I have lived in rented houses long enough at different points in my life to know what it’s like when you have to move and do so unexpectedly. Whereas mostly there are rental agreements in place, here in the UK at least it doesn’t take too much to move someone renting on and contracts rarely go for longer than for a 12 month period after which rents get reviewed alongside your impact on the property you’ve rented. Based on this, it may or may not be renewable to you. Hopefully changes are on the way towards greater levels of protective fairness for both parties.
With people moving more and more and putting down less permanent roots we may well need to look at both what we make and how we make. I am sure it might well irk the puritan traditionalists to consider third party components to hold things we make together flat pack IKEA-style, but in today’s work it is a great and progressive step to create as a feature for any piece when possible. We have done that with a few pieces now, the leaning wall shelf and the baby cot are two good examples. When large items don’t dismantle they can be difficult to transport without the right transport and you will often end up renting a van. Of course dismantlable furniture goes back to many traveling armies through history. Pompous leaders and not so pompous leaders took with them everything that might diminish their personal comfort and wellbeing. Owning the minions that transported everything for them, a distinction of class, meant wood and metal furniture could readily be dismantled in minutes and dispatched to a new territory. Today, the army is of a different ilk, today’s army are the younger people and then too the not so very young fighting against the odds and using many means when they have need to move on.
Leaving that seamier reality aside, let’s move on ourselves. Flat-packs are here to stay and mostly it is because they are created as self assembly units which brings down the costs to the manufacturers, distributors and sales outlets and increases their profit margins exponentially. Make no mistake, they rarely if ever have the consumer in mind. Reducing assembly, warehouse storage and distribution costs raises their margins. Flat packs are a sort of DIY answer that makes the dismantlable a most popular option for the manufacturers and it was indeed a clever move. In my world of making and selling I had to go to great lengths to protect my pieces from damage on the way to delivery. I could easily spend a whole day boxing up, and blanket wrapping even small pieces like a chair or coffee table to ship from Texas to say Arizona.
Unfortunately it’s usually not the fastenings that make the units sold environmentally unfriendly and cheap looking but the materials the units are often, not always, mostly, made from. MDF and particle board are both the very lowest quality material option yet for the poorer it is often their only option. Fastenings are ideal for dismantling larger framed projects and that is what I wanted for this one. Two triangular side frames are mortise and tenoned together in part and they provide the stanchions for the cross members to fit into that give permanent rigidity. All of the cross members combine joints with added bolt fastenings to allow for the next needed break-down.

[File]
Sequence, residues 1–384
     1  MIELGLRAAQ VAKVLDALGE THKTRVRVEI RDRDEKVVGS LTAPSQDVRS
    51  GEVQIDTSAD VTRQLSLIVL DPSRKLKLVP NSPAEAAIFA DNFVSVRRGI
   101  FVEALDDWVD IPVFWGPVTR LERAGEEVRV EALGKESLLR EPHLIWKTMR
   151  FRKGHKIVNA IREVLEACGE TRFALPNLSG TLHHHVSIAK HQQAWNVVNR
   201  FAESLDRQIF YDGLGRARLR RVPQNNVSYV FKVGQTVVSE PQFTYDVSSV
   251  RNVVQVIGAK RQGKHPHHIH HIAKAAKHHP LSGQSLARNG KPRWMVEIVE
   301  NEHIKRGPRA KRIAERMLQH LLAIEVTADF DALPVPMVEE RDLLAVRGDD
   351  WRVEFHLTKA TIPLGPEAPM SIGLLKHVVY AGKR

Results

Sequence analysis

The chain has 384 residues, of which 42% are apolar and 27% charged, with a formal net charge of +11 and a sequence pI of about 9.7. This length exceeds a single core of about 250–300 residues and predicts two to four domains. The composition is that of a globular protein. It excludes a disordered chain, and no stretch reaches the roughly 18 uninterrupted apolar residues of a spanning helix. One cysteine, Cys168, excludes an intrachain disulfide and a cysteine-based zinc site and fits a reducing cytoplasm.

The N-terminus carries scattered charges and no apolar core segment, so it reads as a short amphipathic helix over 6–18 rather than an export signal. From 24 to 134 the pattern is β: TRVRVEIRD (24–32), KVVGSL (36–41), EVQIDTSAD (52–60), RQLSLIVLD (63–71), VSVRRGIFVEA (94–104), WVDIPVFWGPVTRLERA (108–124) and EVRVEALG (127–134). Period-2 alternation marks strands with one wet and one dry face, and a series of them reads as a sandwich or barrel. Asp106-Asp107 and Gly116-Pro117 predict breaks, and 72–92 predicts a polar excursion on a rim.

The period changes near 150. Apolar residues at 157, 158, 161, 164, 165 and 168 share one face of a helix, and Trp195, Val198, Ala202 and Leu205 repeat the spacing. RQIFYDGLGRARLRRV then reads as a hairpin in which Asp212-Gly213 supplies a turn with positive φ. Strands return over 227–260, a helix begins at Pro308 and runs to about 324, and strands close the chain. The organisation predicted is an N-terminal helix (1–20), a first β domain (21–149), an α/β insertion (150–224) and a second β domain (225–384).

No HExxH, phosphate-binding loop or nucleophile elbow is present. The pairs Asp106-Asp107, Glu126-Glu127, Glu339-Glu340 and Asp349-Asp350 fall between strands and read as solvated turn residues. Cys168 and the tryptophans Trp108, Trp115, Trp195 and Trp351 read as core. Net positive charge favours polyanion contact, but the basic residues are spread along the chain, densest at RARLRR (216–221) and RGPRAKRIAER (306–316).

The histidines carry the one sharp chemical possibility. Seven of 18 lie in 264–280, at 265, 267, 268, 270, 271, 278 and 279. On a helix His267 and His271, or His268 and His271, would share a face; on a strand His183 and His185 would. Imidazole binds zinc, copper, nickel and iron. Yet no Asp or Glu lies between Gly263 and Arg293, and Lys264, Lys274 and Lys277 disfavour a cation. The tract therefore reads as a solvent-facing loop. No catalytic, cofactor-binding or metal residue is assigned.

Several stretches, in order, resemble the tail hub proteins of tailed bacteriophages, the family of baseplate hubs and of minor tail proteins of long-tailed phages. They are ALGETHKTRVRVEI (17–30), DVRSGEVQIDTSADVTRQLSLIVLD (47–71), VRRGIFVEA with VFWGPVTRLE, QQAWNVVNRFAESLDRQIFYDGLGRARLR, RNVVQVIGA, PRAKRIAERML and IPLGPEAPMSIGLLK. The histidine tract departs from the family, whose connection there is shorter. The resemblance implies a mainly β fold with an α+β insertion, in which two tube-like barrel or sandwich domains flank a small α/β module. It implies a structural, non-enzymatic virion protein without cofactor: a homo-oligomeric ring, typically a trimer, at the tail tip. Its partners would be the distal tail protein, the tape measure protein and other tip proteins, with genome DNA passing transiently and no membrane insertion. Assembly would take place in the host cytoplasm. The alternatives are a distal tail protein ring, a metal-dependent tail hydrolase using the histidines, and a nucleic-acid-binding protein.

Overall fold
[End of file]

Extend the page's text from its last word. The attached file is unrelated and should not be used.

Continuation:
The three shelves have a frieze around the ends and back with dovetailed corners but then I use a system that allows for expansion and contraction to the shelf they are attached to which would be too wide not to allow for.
I have considered draw-bore pins for some frame joints because it might be difficult to use clamps and this is an excellent way of drawing up long shoulders tight and permanently together. I will look at it more closely when I get there. The grain direction might disallow this. Using quarter-sawn wood for the shelves will minimise the possibility of cupping and twisting but well-seasoned and dry wood should be just fine if you laminate the boards instead of going for single piece wide stock.Of course this depends on the wood typer and other things too.
The prototype can still be used when finished should I decide to use it in say the office, which I may well do. It can be simply finished with a clear finish of some kind or then too painted which I also like.
I started with my drawings first and then created my cutting list from this. I’ll try to use scraps for any prototype elements where possible and will then laminate parts too to make up sizes I don’t have. Sometimes this means using thinner stock for components because of standard sizing from my supplier. Whereas I might like 7/8″ material in the final piece, I may well only have 3/4″ pine or even plywood to work with in the prototype’s first iteration. When I am part way through I may well change this or that to change something I don’t care for or take care of a weakness I didn’t foresee.